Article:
Friday 24 November 2017
It is not uncommon to find typographic terminology which has transferred from its origins in letterpress printing to the world of desktop publishing. But sometimes a specific sort or glyph makes the transition from one use to another – you could say repurposed for the modern age.
Today the octothorpe is most commonly known as the ‘hash sign’ used for creating searchable hashtags on social media. The latest development has even seen the hashtag moving beyond social media and into speech – ‘hashtag irritating habit’. But these newest of uses of the now ubiquitous symbol represent just one of many unrelated ways in which the octothorpe has been used – and just one of its many names.
Known variously as an octothorpe, hash, numeral sign, pound, hex, flash, grid, tic-tac-toe, pig pen, or square, during its lifetime the symbol has been used in ways as diverse as the notation of checkmate in chess, an insertion in proofreading, to indicate a comment in computer code, as a function button on touchtone phones, to identify a colour in HTML, a village in cartography and, in America, to denote weight.
According to Keith Houston in his book, Shady Characters, this last application is the key to the origins of this ‘frustratingly slippery beast’.
For what feels like such a modern symbol (GQ Magazine awarded it a slightly tongue in cheek ‘Symbol of the Year’ in 2010), it has surprising ancient origins. In ancient Rome, the word for pound (in weight) was ‘libre’. This was abbreviated to lb, which is still in use today. However, at the time it was customary to indicate this abbreviation by crossing the ascenders with a tilde. The resulting shape is very similar in appearance to the octothorpe, and Houston attributes the remaining changes to the ‘carelessly rushing pens of successive scribes’.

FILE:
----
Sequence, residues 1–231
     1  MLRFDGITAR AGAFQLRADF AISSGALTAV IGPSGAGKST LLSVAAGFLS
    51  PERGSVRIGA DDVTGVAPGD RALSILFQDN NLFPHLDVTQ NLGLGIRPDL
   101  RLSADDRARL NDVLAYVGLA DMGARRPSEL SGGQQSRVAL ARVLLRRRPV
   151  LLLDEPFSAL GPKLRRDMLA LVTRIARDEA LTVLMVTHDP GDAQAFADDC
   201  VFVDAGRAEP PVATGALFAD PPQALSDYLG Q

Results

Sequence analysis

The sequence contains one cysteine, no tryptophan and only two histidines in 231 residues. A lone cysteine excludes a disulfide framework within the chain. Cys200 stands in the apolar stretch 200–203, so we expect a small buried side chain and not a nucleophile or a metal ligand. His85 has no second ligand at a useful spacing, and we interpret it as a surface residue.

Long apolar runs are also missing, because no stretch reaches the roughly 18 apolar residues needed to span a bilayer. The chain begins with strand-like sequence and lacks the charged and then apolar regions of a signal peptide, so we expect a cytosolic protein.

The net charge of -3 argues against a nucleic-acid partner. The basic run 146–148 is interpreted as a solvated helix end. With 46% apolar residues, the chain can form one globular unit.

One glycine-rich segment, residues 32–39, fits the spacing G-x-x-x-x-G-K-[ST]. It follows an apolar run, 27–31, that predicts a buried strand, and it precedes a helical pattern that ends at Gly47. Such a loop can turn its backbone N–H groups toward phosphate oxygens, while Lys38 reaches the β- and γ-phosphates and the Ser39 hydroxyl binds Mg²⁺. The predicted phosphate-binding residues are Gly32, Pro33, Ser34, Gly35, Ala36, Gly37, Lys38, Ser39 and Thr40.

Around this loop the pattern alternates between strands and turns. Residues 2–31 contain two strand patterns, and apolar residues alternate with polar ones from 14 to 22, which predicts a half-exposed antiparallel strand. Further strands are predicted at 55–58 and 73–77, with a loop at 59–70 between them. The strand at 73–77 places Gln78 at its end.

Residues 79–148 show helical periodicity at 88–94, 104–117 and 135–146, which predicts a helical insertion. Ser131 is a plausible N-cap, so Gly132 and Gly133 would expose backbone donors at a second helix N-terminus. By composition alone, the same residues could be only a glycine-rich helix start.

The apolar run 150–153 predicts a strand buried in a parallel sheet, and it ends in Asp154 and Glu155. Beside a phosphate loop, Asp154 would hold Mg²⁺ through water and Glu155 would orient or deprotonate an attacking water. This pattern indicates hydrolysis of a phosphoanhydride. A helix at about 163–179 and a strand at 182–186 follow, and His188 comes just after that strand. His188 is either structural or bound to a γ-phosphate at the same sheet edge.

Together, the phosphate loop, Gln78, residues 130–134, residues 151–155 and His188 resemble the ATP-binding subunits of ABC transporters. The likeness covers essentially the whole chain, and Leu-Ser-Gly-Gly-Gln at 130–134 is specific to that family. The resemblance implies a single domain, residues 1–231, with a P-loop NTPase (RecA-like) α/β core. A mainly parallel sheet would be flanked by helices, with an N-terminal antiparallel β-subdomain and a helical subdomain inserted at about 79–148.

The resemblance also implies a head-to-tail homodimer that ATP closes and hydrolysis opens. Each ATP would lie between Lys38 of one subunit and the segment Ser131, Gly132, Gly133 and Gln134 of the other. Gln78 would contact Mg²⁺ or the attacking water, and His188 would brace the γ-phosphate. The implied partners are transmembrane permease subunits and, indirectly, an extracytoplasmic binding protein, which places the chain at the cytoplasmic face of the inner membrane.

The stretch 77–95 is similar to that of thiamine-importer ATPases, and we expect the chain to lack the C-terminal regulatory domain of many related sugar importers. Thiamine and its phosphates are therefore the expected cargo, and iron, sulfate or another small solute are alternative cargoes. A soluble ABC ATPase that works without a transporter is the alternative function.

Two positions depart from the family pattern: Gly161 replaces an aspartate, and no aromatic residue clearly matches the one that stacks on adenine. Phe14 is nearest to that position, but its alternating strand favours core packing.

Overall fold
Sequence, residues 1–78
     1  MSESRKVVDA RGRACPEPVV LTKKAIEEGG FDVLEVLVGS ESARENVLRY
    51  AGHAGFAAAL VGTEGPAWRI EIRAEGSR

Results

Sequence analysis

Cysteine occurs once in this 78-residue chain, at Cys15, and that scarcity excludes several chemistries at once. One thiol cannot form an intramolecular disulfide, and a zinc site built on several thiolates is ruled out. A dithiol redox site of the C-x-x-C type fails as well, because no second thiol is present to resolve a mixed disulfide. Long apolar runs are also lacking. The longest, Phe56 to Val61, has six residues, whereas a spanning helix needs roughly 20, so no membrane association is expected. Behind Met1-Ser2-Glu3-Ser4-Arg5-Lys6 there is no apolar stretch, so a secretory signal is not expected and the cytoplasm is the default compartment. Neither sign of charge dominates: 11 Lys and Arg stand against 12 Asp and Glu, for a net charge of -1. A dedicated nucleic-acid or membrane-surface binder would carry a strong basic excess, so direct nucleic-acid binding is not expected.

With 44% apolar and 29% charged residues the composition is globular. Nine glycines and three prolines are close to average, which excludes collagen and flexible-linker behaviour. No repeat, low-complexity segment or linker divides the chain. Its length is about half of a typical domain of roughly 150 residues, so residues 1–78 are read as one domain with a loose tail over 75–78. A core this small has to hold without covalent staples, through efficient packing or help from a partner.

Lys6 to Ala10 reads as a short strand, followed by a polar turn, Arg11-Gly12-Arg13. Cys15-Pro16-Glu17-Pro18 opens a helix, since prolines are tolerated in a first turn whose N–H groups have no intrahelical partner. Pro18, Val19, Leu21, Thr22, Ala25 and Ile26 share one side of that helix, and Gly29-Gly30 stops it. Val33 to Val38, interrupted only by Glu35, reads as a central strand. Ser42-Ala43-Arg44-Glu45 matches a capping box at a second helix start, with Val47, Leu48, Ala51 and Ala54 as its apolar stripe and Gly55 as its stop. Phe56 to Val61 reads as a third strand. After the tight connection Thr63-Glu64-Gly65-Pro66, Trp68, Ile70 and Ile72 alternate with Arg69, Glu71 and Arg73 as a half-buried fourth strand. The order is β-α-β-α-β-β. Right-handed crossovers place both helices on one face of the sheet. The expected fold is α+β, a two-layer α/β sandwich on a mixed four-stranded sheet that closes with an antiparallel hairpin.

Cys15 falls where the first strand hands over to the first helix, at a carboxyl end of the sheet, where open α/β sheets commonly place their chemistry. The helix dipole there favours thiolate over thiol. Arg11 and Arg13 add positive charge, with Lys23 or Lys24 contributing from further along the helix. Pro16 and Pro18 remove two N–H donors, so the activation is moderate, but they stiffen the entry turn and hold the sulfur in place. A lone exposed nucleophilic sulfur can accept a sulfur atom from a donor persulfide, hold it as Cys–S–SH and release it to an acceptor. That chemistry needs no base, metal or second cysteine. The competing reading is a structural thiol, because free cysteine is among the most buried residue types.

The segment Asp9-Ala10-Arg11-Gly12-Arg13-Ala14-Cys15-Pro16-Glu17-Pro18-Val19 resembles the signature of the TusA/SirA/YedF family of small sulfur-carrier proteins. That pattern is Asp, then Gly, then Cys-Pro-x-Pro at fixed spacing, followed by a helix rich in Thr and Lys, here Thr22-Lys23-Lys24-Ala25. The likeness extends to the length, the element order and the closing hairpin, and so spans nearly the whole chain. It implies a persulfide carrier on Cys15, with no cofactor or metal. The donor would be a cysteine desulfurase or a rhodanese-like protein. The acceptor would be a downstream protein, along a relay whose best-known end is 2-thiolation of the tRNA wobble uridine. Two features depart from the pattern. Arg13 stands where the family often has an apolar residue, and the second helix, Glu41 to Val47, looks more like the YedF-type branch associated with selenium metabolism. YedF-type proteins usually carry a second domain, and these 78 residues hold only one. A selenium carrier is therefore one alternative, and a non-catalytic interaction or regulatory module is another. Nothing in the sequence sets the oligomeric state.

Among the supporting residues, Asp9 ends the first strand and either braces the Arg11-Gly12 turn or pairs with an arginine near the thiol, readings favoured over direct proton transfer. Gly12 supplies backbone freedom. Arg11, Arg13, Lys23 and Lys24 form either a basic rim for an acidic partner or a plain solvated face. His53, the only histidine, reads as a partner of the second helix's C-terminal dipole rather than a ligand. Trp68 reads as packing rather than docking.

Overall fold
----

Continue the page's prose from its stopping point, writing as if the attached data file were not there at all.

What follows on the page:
But why wasn’t this the end of the story? Why was the same symbol reused in so many different ways? Today the variety of characters we have access to via our computer keyboards feels endless. In fact, it is shaped by something called the ASCII (American Standard Code for Information Interchange) whose standard extended character set now offers 256 characters, 224 of which are generally available through desktop publishing software*. It wasn’t always this way, however. The 94 characters offered by the original ASCII, together with the desktop publishing software of the time (the typewriter) may go a long way towards explaining why the octothorpe needed to be repurposed.
During the 1960s when Bell Telephone Laboratories were developing the touch-tone telephone system, they decided to use the octothorpe as one of the two function buttons on the keypad. The reasons Houston cites for this choice are that the symbol appears in the ASCII and on standard typewriter keyboards and that this would make it easy for the system to be documented.
The typographic symbols and characters that we use every day all have interesting stories behind them. Some are firmly rooted in fact, some are serious scholarly theories, and some are delicious but questionable. The stories about how the octothorpe got its name do not disappoint.
Houston‘s Shady Characters documents multiple possible origins of the name. Having dismissed the origin cited by Robert Bringhurst in his book ‘The Elements of Typographic style’ – which states that the origin of the name is from its use as a cartographic symbol denoting a village (thorpe) surrounded by eight (octo) fields – as ‘charming, but flawed’, Houston returns to Bell Telephone Laboratories as the most likely origin of the name.
With the hash sign selected as a function button for the touchtone telephone, the engineers then needed to give it a standard name in order to be able to refer to it in their documentation and training. With no definitive name in existence, they made one up.
The ‘octo’ part seems fairly obvious, but according to Houston, the ‘thorpe’ or ‘therpe’ could either come from a mischievous desire to include a ‘th’ diphthong in order to make the word hard for Germans to pronounce; or be a show of support for the return of confiscated Olympic medals to the deceased American athlete, Jim Thorpe. Both explanations seem as peculiar as each other.
To find out more about the history of the octothorpe – and nine other typographic symbols – read Keith Houston’s book Shady Characters, or visit him online.
* It’s interesting to note that Apple doesn’t feature the octothorpe on their computer keyboards. Typing a hash on a Mac requires the use of a function key. With the explosion of the hashtag on social media, it will be interesting to see if this is something that Apple revisit in the future.
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